• 2019 Update 7
  • 03/31/2020
Contents

Controlling Process Placement

Intel® MPI Library Developer Guide for Linux* OS
Placement of MPI processes over the cluster nodes plays a significant role in application performance. Intel® MPI Library provides several options to control process placement.
By default, when you run an MPI program, the process manager launches all MPI processes specified with
-n
on the current node. If you use a job scheduler, processes are assigned according to the information received from the scheduler.

Specifying Hosts

You can explicitly specify the nodes on which you want to run the application using the
-hosts
option. This option takes a comma-separated list of node names as an argument. Use the
-ppn
option to specify the number of processes per node. For example:
$ mpirun -n 4 -ppn 2 -hosts node1,node2 ./testc Hello world: rank 0 of 4 running on node1 Hello world: rank 1 of 4 running on node1 Hello world: rank 2 of 4 running on node2 Hello world: rank 3 of 4 running on node2
To get the name of a node, use the
hostname
utility.
An alternative to using the
-hosts
option is creation of a host file that lists the cluster nodes. The format of the file is one name per line, and the lines starting with
#
are ignored. Use the
-f
option to pass the file to
mpirun
. For example:
$ cat ./hosts #nodes node1 node2 $ mpirun -n 4 -ppn 2 -f hosts ./testc
This program launch produces the same output as the previous example.
If the
-ppn
option is not specified, the process manager assigns as many processes to the first node as there are physical cores on it. Then the next node is used. That is, assuming there are four cores on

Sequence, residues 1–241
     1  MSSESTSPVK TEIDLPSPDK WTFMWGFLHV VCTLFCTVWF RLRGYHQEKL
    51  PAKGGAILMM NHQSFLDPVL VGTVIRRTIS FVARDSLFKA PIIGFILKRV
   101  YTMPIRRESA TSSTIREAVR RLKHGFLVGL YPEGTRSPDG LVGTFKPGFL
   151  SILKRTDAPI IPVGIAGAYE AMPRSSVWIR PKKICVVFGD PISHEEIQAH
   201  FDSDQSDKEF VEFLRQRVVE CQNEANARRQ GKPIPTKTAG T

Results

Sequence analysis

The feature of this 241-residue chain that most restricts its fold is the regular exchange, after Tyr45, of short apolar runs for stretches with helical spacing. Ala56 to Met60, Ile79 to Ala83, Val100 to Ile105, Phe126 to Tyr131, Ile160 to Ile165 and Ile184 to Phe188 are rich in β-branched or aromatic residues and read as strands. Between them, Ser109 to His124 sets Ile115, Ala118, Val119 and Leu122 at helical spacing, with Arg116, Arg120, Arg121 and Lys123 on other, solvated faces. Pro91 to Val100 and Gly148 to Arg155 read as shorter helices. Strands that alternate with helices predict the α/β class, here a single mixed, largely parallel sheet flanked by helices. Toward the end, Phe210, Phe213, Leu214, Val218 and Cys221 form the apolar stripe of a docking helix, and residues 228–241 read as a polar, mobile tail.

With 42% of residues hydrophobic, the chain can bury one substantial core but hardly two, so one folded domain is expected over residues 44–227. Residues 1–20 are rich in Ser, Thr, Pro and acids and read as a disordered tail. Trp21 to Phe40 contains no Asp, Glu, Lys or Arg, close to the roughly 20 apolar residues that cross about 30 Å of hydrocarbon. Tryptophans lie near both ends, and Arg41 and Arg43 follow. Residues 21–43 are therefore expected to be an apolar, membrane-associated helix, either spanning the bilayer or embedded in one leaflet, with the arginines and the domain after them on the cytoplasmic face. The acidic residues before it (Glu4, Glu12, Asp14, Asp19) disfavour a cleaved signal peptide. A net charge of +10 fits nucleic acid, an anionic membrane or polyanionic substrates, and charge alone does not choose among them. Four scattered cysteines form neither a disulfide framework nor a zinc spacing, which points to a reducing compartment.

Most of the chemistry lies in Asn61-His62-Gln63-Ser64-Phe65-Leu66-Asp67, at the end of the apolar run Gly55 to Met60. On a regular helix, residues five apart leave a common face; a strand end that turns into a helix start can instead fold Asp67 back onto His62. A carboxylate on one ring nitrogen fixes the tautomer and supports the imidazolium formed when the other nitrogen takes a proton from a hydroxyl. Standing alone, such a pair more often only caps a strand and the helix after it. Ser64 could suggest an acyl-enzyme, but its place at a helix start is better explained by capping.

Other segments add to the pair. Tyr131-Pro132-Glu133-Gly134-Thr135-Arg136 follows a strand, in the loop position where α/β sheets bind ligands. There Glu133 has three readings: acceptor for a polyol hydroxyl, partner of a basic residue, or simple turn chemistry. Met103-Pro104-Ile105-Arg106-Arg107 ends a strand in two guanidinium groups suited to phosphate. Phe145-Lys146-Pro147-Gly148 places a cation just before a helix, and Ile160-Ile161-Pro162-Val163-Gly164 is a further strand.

node1
and you launch six processes overall, four processes are launched on
node1
, and the remaining two processes are launched on
node2
. For example:
$ mpirun -n 6 -hosts node1,node2 ./testc Hello world: rank 0 of 6 running on node1 Hello world: rank 1 of 6 running on node1 Hello world: rank 2 of 6 running on node1 Hello world: rank 3 of 6 running on node1 Hello world: rank 4 of 6 running on node2 Hello world: rank 5 of 6 running on node2
Note
If you use a job scheduler, specifying hosts is unnecessary. The processes manager uses the host list provided by the scheduler.

Using Machine File

A machine file is similar to a host file with the only difference that you can assign a specific number of processes to particular nodes directly in the file. Contents of a sample machine file may look as follows:
$ cat ./machines node1:2 node2:2
Specify the file with the
-machine
option. Running a simple test program produces the following output:
$ mpirun -machine machines ./testc Hello world: rank 0 of 4 running on node1 Hello world: rank 1 of 4 running on node1 Hello world: rank 2 of 4 running on node2 Hello world: rank 3 of 4 running on node2

Using Argument Sets

Argument sets are unique groups of arguments specific to a particular node. Combined together, the argument sets make up a single MPI job. You can provide argument sets on the command line, or in a configuration file. To specify a node, use the
-host
option.
On the command line, argument sets should be separated by a colon '
:
'. Global options (applied to all argument sets) should appear first, and local options (applied only to the current argument set) should be specified within an argument set. For example:
$ mpirun -genv I_MPI_DEBUG=2 -host node1 -n 2 ./testc : -host node2 -n 2 ./testc
In the configuration file, each argument set should appear on a new line. Global options should appear on the first line of the file. For example:
$ cat ./config -genv I_MPI_DEBUG=2 -host node1 -n 2 ./testc -host node2 -n 2 ./testc
Specify the configuration file with the
-configfile
option:
$ mpirun -configfile config Hello world: rank 0 of 4 running on node1 Hello world: rank 1 of 4 running on node1 Hello world: rank 2 of 4 running on node2 Hello world: rank 3 of 4 running on node2

Product and Performance Information

1

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